Some of the buyers try to meld cross currents. They try to figure out who benefits from lower oil prices but doesn't need consumer demand to stay strong for fear that the machines are right and the economy is slowing. How about PepsiCo (PEP) - Get Report ? Kimberly Clark (KMI) - Get Report and Procter & Gamble (PG) - Get Report ? They all use oil to make their products from the ingredients inside to the packaging outside. They burn gasoline to get their products to market, and their products are bought even if the economy gets weaker. Their dividends, in the meantime, exceed the coupons you get on bonds, which means they are superior bond market equivalents. And, in the case of Procter, management is slaughtering sacred cows, such as Duracell, in order to make more money. That's not the same old Procter, and the stock keeps going higher.
A second group of buyers is a little more bullish than these consumer staple buyers. They think that the lower price of gasoline will fall right to the bottom line of some industries that are economically sensitive, namely the airlines, which are doing quite well with the lower gasoline prices, as we learned last week when we saw their earnings. Their profits should be even larger as their largest cost goes down.
Lumped into this group are the package delivery companies, United Parcel Service (UPS) - Get Report and Federal Express (FDX) - Get Report . Their numbers are going to be huge under this theory, and they are furiously breaking out.
Now, the real risk-takers believe that the original sellers, the ones who think that the economy is weak as judged by the declining price of oil so you have to sell everything, are just dead wrong. They buy the companies that benefit from lower commodity costs and will get more customers because the customers will have more spare change. That's how you get Chipotle (CMG) - Get Report and Darden (DRI) - Get Report going higher. They are natural beneficiaries of the "few more dollars in the pockets of consumers" theory.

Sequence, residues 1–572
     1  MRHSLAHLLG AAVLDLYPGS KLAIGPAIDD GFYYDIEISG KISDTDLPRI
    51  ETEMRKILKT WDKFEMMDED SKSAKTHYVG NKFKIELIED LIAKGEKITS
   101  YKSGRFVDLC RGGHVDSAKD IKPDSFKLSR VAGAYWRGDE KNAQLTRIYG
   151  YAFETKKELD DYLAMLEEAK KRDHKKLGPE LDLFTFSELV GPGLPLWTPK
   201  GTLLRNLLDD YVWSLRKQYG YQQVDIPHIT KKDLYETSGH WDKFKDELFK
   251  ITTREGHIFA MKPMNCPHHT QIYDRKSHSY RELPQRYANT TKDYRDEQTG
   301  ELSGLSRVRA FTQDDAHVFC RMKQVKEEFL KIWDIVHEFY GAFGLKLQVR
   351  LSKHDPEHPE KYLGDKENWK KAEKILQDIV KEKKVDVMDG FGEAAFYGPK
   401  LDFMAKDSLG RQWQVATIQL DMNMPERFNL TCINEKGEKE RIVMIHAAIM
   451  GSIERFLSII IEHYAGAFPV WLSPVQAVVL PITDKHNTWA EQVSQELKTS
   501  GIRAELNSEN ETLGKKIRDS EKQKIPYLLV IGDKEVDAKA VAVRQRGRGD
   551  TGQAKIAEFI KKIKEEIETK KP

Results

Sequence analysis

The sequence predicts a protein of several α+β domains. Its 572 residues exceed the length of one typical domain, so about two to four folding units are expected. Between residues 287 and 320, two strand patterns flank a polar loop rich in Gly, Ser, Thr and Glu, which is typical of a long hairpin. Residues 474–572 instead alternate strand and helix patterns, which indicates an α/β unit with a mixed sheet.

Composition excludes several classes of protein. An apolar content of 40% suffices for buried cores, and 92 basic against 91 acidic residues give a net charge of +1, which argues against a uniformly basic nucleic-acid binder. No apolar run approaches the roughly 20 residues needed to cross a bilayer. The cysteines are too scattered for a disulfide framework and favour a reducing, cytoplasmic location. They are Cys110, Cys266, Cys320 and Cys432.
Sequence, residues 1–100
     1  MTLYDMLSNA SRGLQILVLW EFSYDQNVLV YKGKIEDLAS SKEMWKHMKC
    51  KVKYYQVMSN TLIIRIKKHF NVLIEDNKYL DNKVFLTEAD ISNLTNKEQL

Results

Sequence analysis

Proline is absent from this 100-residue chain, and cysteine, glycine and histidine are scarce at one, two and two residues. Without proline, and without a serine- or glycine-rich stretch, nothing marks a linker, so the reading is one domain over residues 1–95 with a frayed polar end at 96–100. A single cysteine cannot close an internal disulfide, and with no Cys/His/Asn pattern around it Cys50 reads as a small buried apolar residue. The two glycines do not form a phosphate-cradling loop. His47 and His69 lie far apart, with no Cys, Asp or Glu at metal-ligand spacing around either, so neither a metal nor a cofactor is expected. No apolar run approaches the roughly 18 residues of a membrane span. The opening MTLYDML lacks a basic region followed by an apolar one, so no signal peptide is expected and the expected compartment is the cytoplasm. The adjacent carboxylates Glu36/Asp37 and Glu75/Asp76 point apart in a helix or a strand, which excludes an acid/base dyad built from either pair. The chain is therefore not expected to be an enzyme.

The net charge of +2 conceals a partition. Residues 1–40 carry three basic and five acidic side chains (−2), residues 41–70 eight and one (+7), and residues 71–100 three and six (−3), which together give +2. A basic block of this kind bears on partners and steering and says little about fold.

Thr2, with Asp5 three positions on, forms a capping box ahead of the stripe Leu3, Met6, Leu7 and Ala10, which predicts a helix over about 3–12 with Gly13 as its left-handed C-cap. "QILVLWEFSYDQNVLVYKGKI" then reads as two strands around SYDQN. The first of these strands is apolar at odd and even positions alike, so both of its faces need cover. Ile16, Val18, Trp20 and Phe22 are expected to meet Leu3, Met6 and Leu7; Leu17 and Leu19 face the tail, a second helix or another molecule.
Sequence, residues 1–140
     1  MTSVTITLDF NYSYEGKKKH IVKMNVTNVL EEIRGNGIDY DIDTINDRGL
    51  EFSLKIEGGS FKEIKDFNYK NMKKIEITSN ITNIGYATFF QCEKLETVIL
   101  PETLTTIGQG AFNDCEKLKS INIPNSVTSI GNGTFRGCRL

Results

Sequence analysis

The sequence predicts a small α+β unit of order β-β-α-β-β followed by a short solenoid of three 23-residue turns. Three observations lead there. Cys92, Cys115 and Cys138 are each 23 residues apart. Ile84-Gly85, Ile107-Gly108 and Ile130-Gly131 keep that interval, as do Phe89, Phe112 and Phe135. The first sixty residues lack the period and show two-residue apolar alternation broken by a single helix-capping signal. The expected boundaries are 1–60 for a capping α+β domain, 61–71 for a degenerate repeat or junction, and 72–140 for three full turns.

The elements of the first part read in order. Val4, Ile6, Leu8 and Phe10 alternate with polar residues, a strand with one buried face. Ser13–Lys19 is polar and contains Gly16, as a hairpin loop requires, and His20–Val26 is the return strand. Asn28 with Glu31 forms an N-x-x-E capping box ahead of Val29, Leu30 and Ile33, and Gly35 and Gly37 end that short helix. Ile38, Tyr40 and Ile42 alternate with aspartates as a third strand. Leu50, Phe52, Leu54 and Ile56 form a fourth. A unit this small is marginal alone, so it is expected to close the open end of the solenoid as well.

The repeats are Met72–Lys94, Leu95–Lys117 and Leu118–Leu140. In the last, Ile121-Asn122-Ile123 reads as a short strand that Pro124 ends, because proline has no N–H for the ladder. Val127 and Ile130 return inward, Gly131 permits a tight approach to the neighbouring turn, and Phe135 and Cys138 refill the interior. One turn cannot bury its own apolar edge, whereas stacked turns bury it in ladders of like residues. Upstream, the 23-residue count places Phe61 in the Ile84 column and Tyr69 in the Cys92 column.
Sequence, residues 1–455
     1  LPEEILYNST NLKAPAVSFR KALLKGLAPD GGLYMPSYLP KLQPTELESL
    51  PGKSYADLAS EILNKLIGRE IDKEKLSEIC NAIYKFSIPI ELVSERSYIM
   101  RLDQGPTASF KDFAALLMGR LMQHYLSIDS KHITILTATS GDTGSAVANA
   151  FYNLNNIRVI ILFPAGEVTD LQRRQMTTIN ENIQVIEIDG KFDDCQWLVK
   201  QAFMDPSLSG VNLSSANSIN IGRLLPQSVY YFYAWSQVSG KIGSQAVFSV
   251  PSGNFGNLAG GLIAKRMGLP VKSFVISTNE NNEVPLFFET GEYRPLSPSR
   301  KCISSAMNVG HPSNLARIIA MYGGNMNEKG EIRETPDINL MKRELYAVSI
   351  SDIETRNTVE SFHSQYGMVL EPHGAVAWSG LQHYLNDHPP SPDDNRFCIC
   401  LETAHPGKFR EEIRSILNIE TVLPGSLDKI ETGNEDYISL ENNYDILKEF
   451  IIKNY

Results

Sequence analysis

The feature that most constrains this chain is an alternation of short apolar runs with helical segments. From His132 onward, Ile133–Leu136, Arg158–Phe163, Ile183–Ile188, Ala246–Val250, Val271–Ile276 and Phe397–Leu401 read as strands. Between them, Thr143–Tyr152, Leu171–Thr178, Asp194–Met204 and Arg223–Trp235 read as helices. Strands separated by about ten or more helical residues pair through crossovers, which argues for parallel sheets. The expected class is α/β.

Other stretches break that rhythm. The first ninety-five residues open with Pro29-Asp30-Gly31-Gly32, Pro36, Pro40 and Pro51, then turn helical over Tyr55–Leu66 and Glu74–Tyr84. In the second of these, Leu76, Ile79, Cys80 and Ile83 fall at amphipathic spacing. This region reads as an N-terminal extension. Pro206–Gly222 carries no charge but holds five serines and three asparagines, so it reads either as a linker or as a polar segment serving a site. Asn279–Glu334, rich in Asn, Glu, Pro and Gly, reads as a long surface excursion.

But there are others who believe that if oil is really getting shelled, then that's a sign that economic activity isn't just slowing down, it is really decelerating. What are these people doing? They are buying the drug companies, particularly Gilead (GILD) - Get Report and Regeneron (REGN) - Get Report , which are amazingly strong. This makes sense in a real slowdown. As exemplified by oil going down, perhaps the only things that must get bought are the life-saving drugs of the biotechs. Plus, their growth will be amazing vs. all other companies where growth will be impinged.
In addition, there are also buyers of companies that report good numbers. Seagate (STX) - Get Report reported an upside surprise and that has moved the disk-drive companies. Micron (MU) - Get Report followed up on its fabulous earnings by announcing a billion dollar buyback. It's all good for this kind of technology.
Of course, I think that this whole game is insane. You pick stocks based on prospects for the future. You try to buy stocks of companies that are doing better than the average company but people don't know it yet. Or maybe you buy companies that have strong fundamentals where you think there will be self-help or takeovers. You can be opportunistic in this environment.
But make no mistake about it. The moves you see are all derivative of hedge funds that are making bizarre leaps of faith. Lower oil is like lower taxes. It's a huge win, which is why the central premise that the market must go down on oil's weakness is just hogwash. And as long as you use common sense, you are able to profit from it. But if you buy in to the "action," you will simply be a victim of the rise of the machines.
Action Alerts PLUS, which Cramer co-manages as a charitable trust, has no positions in the stocks mentioned.
Editor's Note: This article was originally published at 2:08 p.m. EDT on Real Money on Oct. 27.